We don’t know Bristol well, and we managed to arrive at Zero Degrees by the hardest route, up two flights of the Christmas Steps. Somewhat out of breath, but a few calories down, we were ready to taste.
Zero Degrees was founded in 2000. Although microbreweries are quite common these days, at the time of launch they were rather unusual. Now each of the Zero Degrees venues (there are 4) has its own microbrewery. You could not get a fresher pint.
Just past the entrance are vast storage tanks of beers. Walk slowly and peer down and you can see right into the brewery. We missed all this on the way down as we were admiring the colourful lights and spacious layout and over to the right the pizza oven. I later discovered that 17 pizzas could be cooked at once – it is quite a size.
Soon our friendly server Ellis arrived with a flight of beers.Ã‚Â Zero degrees have 5 core beers that are always available and a number of speciality beers. Lunch ordered, we could get down to tasting.
Tasting the beers and a cocktail
The first thing you notice about the beers is the clean, fresh taste of each one. Each of the core beers has distinctive taste. We tried the Pilsner, Pale Ale, Wheat Ale, Black Lager and Mango beer. Each was enjoyed for its unique flavour. Our favourite was definitely the Black Lager but we could see us enjoying each on a different occasion.
Although designated a lagerÃ‚Â the black lager’s flavours were what you might usually find in a beer: roasted and caramelised malts with chocolate and coffee flavours. The mango beer was unexpected – one for those who don’t usually drink beer perhaps. Light, refreshing and fruity. It’s even an ingredient in one of their cocktails.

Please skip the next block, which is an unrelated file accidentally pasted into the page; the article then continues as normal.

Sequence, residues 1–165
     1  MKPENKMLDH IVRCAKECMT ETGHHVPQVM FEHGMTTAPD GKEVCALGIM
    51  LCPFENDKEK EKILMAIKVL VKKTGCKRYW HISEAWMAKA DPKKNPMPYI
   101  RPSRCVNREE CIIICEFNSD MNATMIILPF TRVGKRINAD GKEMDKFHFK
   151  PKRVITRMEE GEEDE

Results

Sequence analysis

The speciality beers available on the day we visited were Belgian Pale, Amber Lager, Brown Ale and Octoberfest. These beers were somehow not so distinctive as the core beers. The standout one was the Octoberfest.
My husband proceeded to finish the samples in the order that he rated them very happily. There’s a really good selection of cocktails too if you’re not a beer fan.
Sampling the food
Pizzas are definitely a “thing” at Zero Degrees. You can choose from a vast range from the standard margarita to peri peri chicken and toppings from all over the world in between. Kilo pots of mussels and sausages also feature. Useful symbols against many menu items suggest the best type of beer to complement the food. Ã‚Â I plumped for a Moroccan Salad, my husband Teriyaki Chicken.
Our food arrived. For such a large and eclectic menu, you might be worried about how the kitchen can do justice to all the dishes. WeÃ‚Â were delighted with our dishes. I thought I’d never finish such a large portion of my Moroccan Chicken Salad, but the mixture was perfectly judged and flavoured that I enjoyed every bite. Additions of dates and toasted almonds to the moist lightly seasoned chicken made the dish special. The Teriyaki chicken is listed under the pasta menu. It arrived garnished with a large (hot) chilli. There were plenty of vegetables mixed in with the noodles and generous portion of chicken. Additions of cashew nuts and coriander added more texture and flavour.
Who should eat and drink at Zero Degrees?
We visited at lunchtime mid week. There was a mellow soundtrack and diners ofÃ‚Â all ages. We hadn’t been sure what to expect but definitely discovered a relaxing place for lunch. We’ll be back.
Zero Degrees Bristol
53 Colston Street
Bristol BS1 5BA
Danielle was invited to try the beer flight at the invitation of Zero Degrees.